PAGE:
opentaps in the Cloud, our popular Amazon EC2 deployment option for opentaps, is now available on the Amazon m1.medium instance type.  This new instance type was introduced recently by Amazon and offers the equivalent of 2 processor cores and 3.75 GB of available RAM and can be used to host opentaps for a small organization.  To use this new instance type, subscribe to the opentaps Mini AMI and choose m1.medium on startup.

Let’s Mash It Up and Make Enterprise Software Fun Again

My New Year’s Resolution: Make building enterprise software fun again.

The Old Way

Almost all enterprise applications follow the same architectural pattern: a single all-encompassing framework housing the data, logic, and presentation layers.  When applied to large-scale applications such as enterprise software, which must cater to the needs of lots of users with many different features, it creates some problems:

  1. Everything that you use in the application must be written in this framework.  You might really like X, but if you want to use in your application, you’d have to re-write X in its framework.
  2. No framework is optimal for all possible features.  For example, order processing and accounting are highly structured, whereas web content management deals primarily with non-structured data.  A relational database driven framework that is well suited for traditional ERP could thus be poorly suited for web content management, and vice versa.

This is why we often hear enterprise users say “We chose [fill in name of your software] because it was good at [fill in the good features], but it’s really not too good at [all the other stuff].”  Conversely, because vendors think this is the only way to build software, they often have to bundle so-so features with their core strengths to create a competitive “enterprise offering.”

A Better Way to Do It?

Sometimes it just takes a shift in the perspective.

Could enterprise software could be built as mash ups of components based on open standards?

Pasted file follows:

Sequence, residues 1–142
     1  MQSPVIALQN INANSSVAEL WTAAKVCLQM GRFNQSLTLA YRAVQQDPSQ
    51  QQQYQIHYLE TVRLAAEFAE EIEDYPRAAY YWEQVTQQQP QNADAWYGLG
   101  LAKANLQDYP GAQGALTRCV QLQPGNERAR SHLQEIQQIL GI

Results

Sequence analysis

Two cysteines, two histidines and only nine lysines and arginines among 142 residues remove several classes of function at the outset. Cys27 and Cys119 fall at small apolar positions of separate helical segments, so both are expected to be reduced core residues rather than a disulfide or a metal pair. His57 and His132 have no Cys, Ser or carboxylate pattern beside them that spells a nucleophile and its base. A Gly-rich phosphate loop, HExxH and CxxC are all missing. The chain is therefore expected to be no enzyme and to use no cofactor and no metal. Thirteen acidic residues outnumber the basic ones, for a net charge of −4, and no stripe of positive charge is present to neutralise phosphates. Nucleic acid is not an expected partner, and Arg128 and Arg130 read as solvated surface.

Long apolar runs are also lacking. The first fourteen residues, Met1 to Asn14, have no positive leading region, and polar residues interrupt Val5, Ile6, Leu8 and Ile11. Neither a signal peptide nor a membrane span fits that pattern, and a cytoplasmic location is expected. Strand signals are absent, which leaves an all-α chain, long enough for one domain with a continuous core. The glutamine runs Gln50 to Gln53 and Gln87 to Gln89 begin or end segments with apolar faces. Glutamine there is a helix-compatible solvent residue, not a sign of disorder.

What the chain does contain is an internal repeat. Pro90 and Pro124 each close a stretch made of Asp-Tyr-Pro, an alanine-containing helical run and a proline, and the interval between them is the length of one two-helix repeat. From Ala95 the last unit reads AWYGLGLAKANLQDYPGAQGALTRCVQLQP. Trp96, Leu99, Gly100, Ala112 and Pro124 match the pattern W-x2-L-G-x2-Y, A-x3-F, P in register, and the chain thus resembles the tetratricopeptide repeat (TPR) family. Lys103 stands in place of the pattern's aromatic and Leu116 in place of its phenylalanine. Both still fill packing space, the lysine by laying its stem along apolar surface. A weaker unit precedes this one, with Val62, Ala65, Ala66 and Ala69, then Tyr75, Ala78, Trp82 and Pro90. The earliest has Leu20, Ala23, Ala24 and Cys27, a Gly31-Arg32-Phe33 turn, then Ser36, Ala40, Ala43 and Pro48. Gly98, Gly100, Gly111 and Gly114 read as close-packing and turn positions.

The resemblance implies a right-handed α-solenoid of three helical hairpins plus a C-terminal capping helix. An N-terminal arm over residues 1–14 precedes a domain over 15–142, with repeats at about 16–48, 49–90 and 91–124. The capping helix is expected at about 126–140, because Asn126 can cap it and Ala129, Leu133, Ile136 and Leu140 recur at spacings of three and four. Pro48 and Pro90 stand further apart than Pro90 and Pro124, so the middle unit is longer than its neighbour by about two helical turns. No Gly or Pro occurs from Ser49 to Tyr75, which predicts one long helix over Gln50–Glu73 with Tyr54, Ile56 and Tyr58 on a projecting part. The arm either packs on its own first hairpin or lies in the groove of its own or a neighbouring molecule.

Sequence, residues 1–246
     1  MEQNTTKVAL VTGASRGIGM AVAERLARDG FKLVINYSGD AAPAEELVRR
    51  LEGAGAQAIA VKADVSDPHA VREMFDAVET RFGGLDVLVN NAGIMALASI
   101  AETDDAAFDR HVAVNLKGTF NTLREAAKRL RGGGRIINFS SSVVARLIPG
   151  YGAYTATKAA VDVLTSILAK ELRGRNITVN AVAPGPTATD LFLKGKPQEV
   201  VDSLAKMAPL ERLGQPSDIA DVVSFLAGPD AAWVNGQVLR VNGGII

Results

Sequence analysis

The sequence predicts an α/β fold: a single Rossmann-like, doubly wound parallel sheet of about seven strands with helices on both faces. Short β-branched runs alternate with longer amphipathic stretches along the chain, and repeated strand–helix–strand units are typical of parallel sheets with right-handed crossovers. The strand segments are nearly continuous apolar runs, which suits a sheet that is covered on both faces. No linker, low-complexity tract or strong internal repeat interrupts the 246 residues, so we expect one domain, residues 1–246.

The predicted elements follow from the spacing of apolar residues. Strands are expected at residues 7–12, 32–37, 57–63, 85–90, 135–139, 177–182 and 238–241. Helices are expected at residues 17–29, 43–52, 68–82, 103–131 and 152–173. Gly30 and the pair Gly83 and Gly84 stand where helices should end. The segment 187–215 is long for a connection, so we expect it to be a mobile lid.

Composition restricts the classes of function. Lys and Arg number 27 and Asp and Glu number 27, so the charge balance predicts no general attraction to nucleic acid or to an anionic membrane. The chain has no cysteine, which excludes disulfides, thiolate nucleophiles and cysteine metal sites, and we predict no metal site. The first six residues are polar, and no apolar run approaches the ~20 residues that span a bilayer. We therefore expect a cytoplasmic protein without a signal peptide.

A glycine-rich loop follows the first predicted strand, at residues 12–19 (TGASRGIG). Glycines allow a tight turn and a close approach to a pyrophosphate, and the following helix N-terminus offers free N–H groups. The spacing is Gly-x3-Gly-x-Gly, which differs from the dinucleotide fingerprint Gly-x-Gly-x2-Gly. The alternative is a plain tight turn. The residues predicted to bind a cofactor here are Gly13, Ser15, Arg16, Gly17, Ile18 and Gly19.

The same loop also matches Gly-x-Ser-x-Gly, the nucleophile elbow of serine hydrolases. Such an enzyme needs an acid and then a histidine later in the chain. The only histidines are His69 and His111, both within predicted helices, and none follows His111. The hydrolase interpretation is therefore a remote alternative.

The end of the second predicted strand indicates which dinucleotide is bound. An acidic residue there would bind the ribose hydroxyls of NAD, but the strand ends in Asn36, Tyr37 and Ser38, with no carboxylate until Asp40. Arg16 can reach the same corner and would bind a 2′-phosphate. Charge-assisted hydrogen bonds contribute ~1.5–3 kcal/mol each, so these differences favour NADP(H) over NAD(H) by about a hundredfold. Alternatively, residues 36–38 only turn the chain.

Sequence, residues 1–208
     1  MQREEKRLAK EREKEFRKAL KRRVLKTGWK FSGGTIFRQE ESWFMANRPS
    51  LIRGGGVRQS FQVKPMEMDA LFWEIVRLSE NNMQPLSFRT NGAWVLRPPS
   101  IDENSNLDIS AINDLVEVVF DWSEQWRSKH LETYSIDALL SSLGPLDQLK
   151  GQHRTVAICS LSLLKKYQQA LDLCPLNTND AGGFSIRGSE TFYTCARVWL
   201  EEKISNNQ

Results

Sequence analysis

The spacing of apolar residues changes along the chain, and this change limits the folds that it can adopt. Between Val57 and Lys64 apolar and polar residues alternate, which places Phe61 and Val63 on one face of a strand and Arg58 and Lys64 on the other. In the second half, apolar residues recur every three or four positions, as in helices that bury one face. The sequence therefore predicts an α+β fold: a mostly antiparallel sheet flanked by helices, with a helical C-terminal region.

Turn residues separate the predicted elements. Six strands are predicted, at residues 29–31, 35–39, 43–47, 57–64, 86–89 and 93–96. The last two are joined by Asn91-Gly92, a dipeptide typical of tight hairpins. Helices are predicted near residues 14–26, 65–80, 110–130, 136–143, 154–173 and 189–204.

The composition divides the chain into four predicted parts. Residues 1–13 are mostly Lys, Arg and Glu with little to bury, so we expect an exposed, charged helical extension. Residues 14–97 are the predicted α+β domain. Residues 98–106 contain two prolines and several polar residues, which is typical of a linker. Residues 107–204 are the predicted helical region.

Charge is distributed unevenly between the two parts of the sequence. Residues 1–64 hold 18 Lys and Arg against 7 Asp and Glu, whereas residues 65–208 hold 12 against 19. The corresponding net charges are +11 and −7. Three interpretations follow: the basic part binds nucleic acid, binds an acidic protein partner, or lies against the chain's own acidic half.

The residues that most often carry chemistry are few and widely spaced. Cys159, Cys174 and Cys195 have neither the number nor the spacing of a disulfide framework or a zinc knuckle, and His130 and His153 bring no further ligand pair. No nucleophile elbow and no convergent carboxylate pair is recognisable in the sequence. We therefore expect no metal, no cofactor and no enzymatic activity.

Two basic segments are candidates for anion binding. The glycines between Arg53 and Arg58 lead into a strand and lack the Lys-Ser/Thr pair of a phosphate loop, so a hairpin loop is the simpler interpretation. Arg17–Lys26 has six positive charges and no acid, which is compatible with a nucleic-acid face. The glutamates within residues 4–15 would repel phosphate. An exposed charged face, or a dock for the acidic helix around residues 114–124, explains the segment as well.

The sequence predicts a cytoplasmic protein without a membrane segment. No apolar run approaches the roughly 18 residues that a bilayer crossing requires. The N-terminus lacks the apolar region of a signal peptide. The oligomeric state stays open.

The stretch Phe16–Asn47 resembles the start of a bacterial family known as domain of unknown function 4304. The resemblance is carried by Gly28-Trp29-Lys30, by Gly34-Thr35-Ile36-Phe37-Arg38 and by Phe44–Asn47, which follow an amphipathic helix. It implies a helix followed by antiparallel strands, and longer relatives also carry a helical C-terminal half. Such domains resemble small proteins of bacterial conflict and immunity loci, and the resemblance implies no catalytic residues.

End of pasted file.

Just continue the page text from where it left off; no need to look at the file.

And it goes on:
Would that make writing business software as easy–and as fun–as putting together blogs with videos, tweets, and maps?

Let’s Try it with Open Source

We’re going to try to do exactly that with opentaps 2.  We plan on building off the OSGi standard and the new Apache Geronimo 3 application server on the server side and the new HTML5 standard for client side applications to create this new kind of enterprise software.  Take a look at our plans for opentaps 2 and follow us.

A New Architecture for opentaps

When I first wrote opentaps 2.0 Planning, my goal was to come up with a new architecture that would make enterprise software more modular and more reusable.  But we will need to do much more in a mobile and API-driven world, so here are some of the guiding principles behind the architecture of the new opentaps:

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opentaps Open Source ERP + CRM Targets Europe, Latin America with VAT Support and Translations

European and Latin American companies looking for a fully-featured, low cost, and flexible business management system can now leverage the power of opentaps Open Source ERP + CRM, which now offers improved support for Value Added Taxes (VAT) and Spanish translations. These enhancements make it easier than ever before for companies in these regions to use opentaps as an alternative to expensive, inflexible, or outdated commercial ERP or CRM systems.